Thanks for your suggestions,
    Chris

    Comment by Chris — November 13, 2007 @ 10:05 am

  18. Hi,
    I am Implementting the solution above, but it doesn’t work.
    I impplemented the NetDataContractSerializer
    well it works but there is no data when I call the wcf method.
    I made a test with DataContractSerializer and it happens a cproxy error. and It is obvios…because he doesn’t recognize the cproxy type because of the lazy loading… may I have to disable the lazy loading for all the DTO objects?? to make it work?.. doesn’t it affect the performance ??..

    Comment by jefferson — November 15, 2007 @ 10:53 pm

  19. jefferson.

    Quoting Greg above “we were forced to dispense with lazy loading entirely the moment we decided to send collections over the wire.” And yes, foregoing lazy loading can’t but impact performance. We have dealt with this by tracking how noticeable performance issues and working around them in various ways.

    You have mentioned the single biggest downside of remoting with and Nhib backend. It would be awesome if someone could come up with some solution for “remote laziness!”

    Tim

    Comment by Tim Scott — November 15, 2007 @ 11:17 pm

  20. Hi Tim, thanks for your reply, I have been looking for a solution for the proxy serialization and I found one in spanish so interisting… and I think is the way of solving this without disable the lazy loading.. here is the link, the Idea is using reflexion for unproxy the proxies…and make it work… I haven’t implemented yet, here is the page and the code:
    http://knocte.blogspot.com/2006/12/serializacin-binaria-con-nhibernate.html

    you can help me with the solution and make it work…

    thanks…!

    Comment by jefferson — November 16, 2007 @ 2:02 pm

  21. Hi Tim,

    Is there a place where we can download your test application?

    Best regards,

    Luc

    Comment by Luc — December 19, 2007 @ 3:31 pm

  22. Luc,

    Sorry there is no test application. This article is about a real application, and the examples (with slight modifications to protect the innocent) are from the real application.

    Comment by Tim Scott — December 19, 2007 @ 4:45 pm

  23. IDataContractSurrogate can solve the NHibernate serialization problems while at the same time providing interoperability. The IDataContractSurrogate can be used to basically unproxy and unpersist any NHibernate entity. It isn’t really that much code either.

    I am serializing by hand so I don’t know how it would work with WCF, but I am sure there has to be a way to set a surrogate when serializing.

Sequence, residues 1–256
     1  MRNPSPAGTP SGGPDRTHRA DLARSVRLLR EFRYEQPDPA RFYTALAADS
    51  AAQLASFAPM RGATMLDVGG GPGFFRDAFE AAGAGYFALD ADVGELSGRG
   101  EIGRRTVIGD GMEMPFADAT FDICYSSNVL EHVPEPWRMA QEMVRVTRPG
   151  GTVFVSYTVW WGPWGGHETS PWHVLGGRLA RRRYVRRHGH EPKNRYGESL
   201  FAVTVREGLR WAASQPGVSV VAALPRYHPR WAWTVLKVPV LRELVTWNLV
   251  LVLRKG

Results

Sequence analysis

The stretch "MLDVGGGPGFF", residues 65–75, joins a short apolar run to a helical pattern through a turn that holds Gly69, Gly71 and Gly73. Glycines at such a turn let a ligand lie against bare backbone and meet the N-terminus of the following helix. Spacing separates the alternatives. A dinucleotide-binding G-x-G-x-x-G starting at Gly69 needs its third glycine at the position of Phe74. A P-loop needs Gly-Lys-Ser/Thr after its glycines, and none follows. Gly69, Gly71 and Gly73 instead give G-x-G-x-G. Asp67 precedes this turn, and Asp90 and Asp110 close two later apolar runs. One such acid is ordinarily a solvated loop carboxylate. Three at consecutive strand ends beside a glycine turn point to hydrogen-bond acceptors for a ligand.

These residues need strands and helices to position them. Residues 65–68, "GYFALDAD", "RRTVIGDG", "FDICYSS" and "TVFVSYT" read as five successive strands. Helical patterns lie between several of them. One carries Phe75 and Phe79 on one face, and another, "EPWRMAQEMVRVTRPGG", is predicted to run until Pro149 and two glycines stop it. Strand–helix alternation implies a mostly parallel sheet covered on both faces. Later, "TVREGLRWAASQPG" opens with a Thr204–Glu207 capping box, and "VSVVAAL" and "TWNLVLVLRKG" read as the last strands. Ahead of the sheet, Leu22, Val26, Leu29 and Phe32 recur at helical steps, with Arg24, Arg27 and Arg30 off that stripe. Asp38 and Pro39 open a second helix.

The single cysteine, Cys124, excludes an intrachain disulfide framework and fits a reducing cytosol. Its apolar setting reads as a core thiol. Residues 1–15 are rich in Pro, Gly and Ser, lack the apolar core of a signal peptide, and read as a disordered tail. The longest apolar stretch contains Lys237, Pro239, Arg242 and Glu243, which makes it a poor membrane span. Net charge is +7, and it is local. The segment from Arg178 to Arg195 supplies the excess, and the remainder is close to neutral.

I am going to post on it soon, but if you want to check it out just email me.

    Comment by Brian Hartsock — December 31, 2007 @ 9:07 pm

  24. I put up an example that uses this approach on my blog. Includes the full solution so you can download it and experiment with it. You can get it here:
    http://ralinx.wordpress.com/2008/01/03/sending-nhibernate-entities-over-the-wcf-wire/

    Comment by Davy Brion — January 3, 2008 @ 2:17 pm

  25. very interesting.
    i’m adding in RSS Reader

    Comment by music — January 7, 2008 @ 11:25 pm

  26. I haven’t investigated this yet, but check out NHibernate.Remote here:
    http://slagd.com/?p=4

    Comment by Oran — March 14, 2008 @ 2:08 am

  27. I’m sending Hibernate (NHibernate objects) over the wire using stardard DataContractSerializer, and they are really exposed over NetTcpBinding and BasicHttpBinding (web service actually). I had to implement a lot of code of course to extend service side and implement some helper classed, but any hibernate objects are always serialized and transferred.

    Maybe I will write an article about this a bit later.

    Comment by Ivan Gavrilyuk — April 9, 2008 @ 12:57 pm

  28. I’m trying to get this to work with a tree structure. But alas alack no luck…
    The serializer test is working and it serializes the children with no problem but over the wire I lose them for reasons unknown. I can see in to the collection but it is empty…All other collections in the object are coming through no problem at all just the children not… Any one with any bright ideas why or how. I dont think I need to implement that functionality anyway so its more of an academic question really just would like to know….!?

    Heres my code,
    [Serializable]
    [DataContract]
    [KnownType(typeof(NHibernate.Collection.Generic.PersistentGenericSet))]
    [KnownType(typeof(Iesi.Collections.Generic.HashedSet))]

    [KnownType(typeof(ItemHierarchyLevel))]
    [KnownType(typeof(Item))]
    public class ItemHierarchy:IItemHierarchy
    {
    [DataMember]
    public virtual Guid Id { get; set; }
    [DataMember]
    public virtual string Name { get; set; }

    public virtual ItemHierarchy Parent { get; set; }